For example, the power to issue positive directions will only affect charities served with a direction notice. In this case OSCR will record the frequency and nature of directions issued, the level of compliance, the number of review requests received, and whether the directions have resulted in the desired improvements. Directions will require the publication of inquiry reports against a charity’s Register entry and the increased visibility may generate enquiries from the public, media, MSPs etc. which will be logged.

Similarly automatic disqualification of charity trustees and others will only affect a very small number of charities faced with a potentially disqualified individual. But for those charities affected and for the individuals who are subject to disqualification, the impact is likely to be significant. OSCR will seek to measure any change in the rate at which individuals apply for waivers from disqualification, the proportion of applications that are approved, the numbers requesting a review or appealing OSCR’s decisions. Disqualification is automatic so usually OSCR only learn of disqualifications if a waiver is sought. Future surveys might measure charities’ awareness of changes in the disqualification criteria and whether they have been affected by them, but the latter is self-evidently a sensitive issue. The proposals that will affect all charities are those that will result publishing accounts and trustee database and public register. All charities are already required to prepare and lodge accounts annually. The timescale for doing so and the format and content of accounts will not change. Defaulting charities and those preparing accounts that do not comply with required standards will be more immediately visible to anyone searching the Register. OSCR will measure what effect publishing accounts, combined with the new power to remove defaulting charities that fail to engage with them, has upon the number of defaulting charities. For a small number of charities, publishing accounts including trustee names may give rise to concerns about personal safety. OSCR will monitor the number and outcome of dispensation requests received. Charities will be asked to ensure that accounts are publication-ready by not including content that may result in a data protection breach if published. In the early phase of implementation OSCR will conduct sample pre-publication checks to ensure that their messaging is effective. Since charity accounts are already in the public domain (available on request) this is a matter of good practice that they should be following in any case. By drawing attention to this OSCR hope to drive up the standard of accounts and reports.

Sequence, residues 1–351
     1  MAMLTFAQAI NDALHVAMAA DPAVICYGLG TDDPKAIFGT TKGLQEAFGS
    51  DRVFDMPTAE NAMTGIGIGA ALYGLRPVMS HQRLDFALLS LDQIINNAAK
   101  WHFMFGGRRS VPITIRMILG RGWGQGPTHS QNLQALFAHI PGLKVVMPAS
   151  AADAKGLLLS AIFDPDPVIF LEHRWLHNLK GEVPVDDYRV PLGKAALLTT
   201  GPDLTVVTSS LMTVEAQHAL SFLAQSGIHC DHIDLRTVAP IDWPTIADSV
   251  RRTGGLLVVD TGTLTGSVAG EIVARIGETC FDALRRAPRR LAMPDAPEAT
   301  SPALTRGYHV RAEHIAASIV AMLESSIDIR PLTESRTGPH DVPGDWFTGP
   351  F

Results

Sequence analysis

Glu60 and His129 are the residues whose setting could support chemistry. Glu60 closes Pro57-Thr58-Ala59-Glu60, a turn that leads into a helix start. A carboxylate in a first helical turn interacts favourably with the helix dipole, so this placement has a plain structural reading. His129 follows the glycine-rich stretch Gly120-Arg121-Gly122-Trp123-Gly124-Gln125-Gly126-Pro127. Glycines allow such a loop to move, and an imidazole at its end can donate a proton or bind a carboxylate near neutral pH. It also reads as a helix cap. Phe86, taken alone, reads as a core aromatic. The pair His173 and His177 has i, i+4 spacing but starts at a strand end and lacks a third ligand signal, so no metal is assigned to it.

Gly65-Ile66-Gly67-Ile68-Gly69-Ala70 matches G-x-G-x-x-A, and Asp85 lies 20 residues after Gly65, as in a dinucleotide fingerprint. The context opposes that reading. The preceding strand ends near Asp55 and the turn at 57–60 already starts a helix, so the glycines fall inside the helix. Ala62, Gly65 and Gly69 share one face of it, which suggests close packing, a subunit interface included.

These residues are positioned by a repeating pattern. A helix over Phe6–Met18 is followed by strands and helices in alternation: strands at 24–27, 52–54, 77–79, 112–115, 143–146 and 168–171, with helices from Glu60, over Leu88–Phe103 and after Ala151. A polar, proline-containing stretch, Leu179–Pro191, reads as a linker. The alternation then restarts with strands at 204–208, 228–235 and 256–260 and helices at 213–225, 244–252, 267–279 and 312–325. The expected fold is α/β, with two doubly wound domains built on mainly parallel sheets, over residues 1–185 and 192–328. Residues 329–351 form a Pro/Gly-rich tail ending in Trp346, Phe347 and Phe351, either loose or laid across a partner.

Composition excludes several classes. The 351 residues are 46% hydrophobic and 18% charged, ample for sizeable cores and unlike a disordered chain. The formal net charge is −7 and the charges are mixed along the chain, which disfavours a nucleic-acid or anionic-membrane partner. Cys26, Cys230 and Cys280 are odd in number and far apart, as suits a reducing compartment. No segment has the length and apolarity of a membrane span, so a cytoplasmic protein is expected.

Implementation of a trustee database represents the most significant additional duty upon charities to ensure that it is populated with the details of their trustees and kept accurate and up to date. Charitable companies and Scottish Charitable Incorporated Organisations (SCIOs) are already required to maintain their own registers of directors/trustees containing most of the information the database will collect. The impact will be greatest upon charities with a large trustee body and/or a high turnover of trustees. OSCR will monitor compliance with the requirement to provide trustee data and will undertake selective sampling (randomised or risk-based) to check compliance and accuracy. OSCR will monitor enquiries, requests for assistance, views of guidance and requests for dispensations. They will also monitor any change in the number of subject access requests. It is likely that the database functionality will be developed over time and that the user interface will be improved through experience. OSCR will monitor any trends and frequently occurring difficulties and refine the system based upon user feedback. As with other online interactions, OSCR will continually review accessibility and provide alternative means for individuals and charities facing difficulty with digital capacity.